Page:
"Bees in a jar??"
"Yep, some film crew called and they want us to put bees in a jar"
I didn't know then why they wanted to put bees in a jar, and, frankly, after having seen the shoot, I still don't know what the hell bees in a jar had to do with anything, but hey.
They had already called some other beekeeper, earlier, who did bring them a box o bees, but had no idea how to get them in a jar and eventually left without doing so, leaving this production staff member with a box o bees in his apartment.
But, then they called us, which was a good move on their part, because there's nothing we can't do with bees. Jar o bees? When and where!
When Wallstreet Journal wanted to do a story about "Bees on a Plane," they came to us. When National Geographic wanted to do a story on "Killer Bees," they came to us (for Nat'l Geo they actually covered my face in bees).
It also so happens that we're always inventing things. The bee control side of our business was among the first in the industry to use hand held laser thermometers to find colonies inside walls by the temperature spike, as well as several other devices and chemicals. I've posted a few times about various things I happen to be researching that day (most recently, for example, new biological control methods vs ants, & the finer points of earwig biology). The astute reader may also recall I've made a few vague references to ongoing research on a new "bee vac," construction of prototypes of such going on in the background, etc. This, it so happens, is the key to BEES IN A JAR.
I introduce to you: THE BEE VAC (patent pending!). Beekeepers have been hoovering bees into things for many many years now, but I'm not sure a beevac has ever been designed and built that is quite so... complicated. Usually it's simply a vacuum that leads into a bee receptacle. The removable "Bee Containment Pod" --as I like to call it-- is incredibly handy though. Sometimes you just need your bees on the go!
In the above picture you can see latest prototype Bee Containment Pod (BCP?), which is the one I used in this mission. It is upside down in this picture (note that the entire bottom comes off, allowing one to disgorge the contents). To the BCP's right is the Relatively Ordinary Bucket and mostly off frame and upside-down to the left is the shopvac head.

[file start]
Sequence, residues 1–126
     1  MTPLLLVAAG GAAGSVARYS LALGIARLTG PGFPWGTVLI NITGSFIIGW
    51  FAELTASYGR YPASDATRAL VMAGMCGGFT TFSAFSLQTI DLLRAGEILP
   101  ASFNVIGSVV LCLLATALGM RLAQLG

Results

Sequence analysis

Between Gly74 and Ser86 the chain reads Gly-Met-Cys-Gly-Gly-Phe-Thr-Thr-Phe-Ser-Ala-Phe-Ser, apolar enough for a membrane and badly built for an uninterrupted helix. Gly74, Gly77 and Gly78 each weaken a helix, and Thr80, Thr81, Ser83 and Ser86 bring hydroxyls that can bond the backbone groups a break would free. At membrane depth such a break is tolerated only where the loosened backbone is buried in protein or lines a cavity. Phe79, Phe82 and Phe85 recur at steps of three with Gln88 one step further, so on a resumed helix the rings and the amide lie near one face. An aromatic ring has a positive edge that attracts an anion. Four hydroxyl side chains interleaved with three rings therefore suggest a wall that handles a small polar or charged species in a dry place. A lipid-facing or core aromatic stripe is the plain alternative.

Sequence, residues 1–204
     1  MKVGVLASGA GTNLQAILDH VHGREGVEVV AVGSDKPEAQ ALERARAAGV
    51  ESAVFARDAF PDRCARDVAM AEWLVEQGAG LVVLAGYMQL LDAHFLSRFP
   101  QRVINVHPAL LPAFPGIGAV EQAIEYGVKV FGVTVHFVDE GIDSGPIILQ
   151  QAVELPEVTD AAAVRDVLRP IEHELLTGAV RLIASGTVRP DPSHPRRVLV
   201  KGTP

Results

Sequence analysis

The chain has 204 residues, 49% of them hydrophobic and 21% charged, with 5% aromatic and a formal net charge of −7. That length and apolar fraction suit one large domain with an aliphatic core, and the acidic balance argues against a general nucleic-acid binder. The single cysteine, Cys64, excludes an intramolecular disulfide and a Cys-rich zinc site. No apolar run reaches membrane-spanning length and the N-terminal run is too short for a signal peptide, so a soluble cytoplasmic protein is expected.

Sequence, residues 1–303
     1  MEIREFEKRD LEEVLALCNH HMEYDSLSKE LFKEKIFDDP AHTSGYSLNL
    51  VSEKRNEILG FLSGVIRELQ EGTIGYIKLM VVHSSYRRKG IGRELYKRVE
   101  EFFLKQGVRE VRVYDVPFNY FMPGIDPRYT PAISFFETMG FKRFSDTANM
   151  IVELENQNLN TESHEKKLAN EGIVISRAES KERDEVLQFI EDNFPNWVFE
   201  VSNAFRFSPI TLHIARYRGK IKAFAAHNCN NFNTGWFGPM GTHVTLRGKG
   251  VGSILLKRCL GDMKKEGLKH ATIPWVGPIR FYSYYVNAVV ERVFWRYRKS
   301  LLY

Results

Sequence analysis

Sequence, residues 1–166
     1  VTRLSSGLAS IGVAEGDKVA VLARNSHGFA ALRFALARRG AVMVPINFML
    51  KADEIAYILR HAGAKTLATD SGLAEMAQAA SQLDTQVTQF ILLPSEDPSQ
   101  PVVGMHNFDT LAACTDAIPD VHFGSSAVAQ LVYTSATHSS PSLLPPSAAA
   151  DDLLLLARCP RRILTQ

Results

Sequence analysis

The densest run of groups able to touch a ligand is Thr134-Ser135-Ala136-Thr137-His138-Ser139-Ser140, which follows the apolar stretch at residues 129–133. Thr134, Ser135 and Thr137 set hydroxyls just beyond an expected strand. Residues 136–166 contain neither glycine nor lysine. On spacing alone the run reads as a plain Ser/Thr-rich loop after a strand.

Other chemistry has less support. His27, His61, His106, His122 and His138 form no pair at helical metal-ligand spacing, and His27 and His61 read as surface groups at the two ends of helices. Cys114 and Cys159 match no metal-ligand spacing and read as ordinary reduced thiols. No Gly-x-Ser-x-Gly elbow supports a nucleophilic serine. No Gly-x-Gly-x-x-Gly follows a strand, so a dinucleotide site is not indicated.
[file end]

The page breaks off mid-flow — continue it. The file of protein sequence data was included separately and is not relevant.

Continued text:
Film shoot was at 3pm on Friday. That morning my boss Dave and I leapt into the beemobile when a call came in about a swarm in a park and vaccuumed them into the Beevac.
Several hours later I show up to the shoot with several thousand aspiring actresses in a canister. The shoot is taking place at a dollar bookstore, and I have to wait through several other scenes. It's apparently a film student's final project. The scenes I see prior to the bees seem to involve a couple arguing.
Because the jar is badly ventilated I don't put the bees in the jar until I'm told the bee scene is coming up. Even then I don't put the lid on them until the last possible minute.
As you can see from the video, the secret to placing bees in a jar is thus:
(A) Place jar on ground
(B) Make a large funnel, place it atop the jar
(C) Shake the bees from your container into the funnel.
One will want to do this far away from anyone else, since, for god knows what reason, many people do not actually enjoy being surrounded by mini-aerial-kittens. At first everyone from the film crew gave me a very very wide berth, but eventually some were overcome by curiosity, and observing that I obviously wasn't getting stung, ventured to come over and meet the bees. After observing the bees up close for awhile and talking to me about the Everything You Ever Wanted to Know About Bees several were definite fans of our little furry friends.
Finally the call came out for the bees. I picked up the jar, gave it a little jolt to knock the bees off that were hanging on the piece of screen I'd placed over the top, and replaced the screen with the lid. The lid had several holes punched into it for ventilation but this was very clearly insufficient -- the temperature of the jar rose ten degrees in thirty seconds and condensation began forming on the sides.
Fortunately by now several film staff members genuinely cared about the well-being of the bees. When it turned out the bees weren't going to be on stage as immediately as thought, one of the newly converted bee enthusiasts (I don't know shit about film staff positions but her card says Producer, so lets call her that) had the jar given back to me to be un-lidded until the true last minute.
Pictured above is relatively what it looked like when the bees were used in the shot. Here he's just practicing taking it out of the bag, in the actual shot that other fellow wasn't there. In the scene, the protagonist couple is standing in the bookstore aisle discussing something when the kid happens along asking them where he can find diphenhydramine (which he reads off a piece of paper)(which you may recognize by its more common name, benadryl). They ask him what happened, he shows them the jar o bees, they say "wow uh.. you probably shouldn't do that," and he shuffles off.
Once the bees were done shooting I hurried the bees back out to the truck and released them back into the Bee Containment Pod. Casualties hadn't been as high as I feared and there wasn't any evidence of any large scale death when I transferred them from the jar to the canister.
Said goodbye to the staff I'd met, collected my pay, and the bees and I were headed back to the bee cave. Hopefully we'll be able to situate them in a hivebox and they'll live out their days doing everything bees love to do, occasionally telling their grandkids about the time they were moviestars.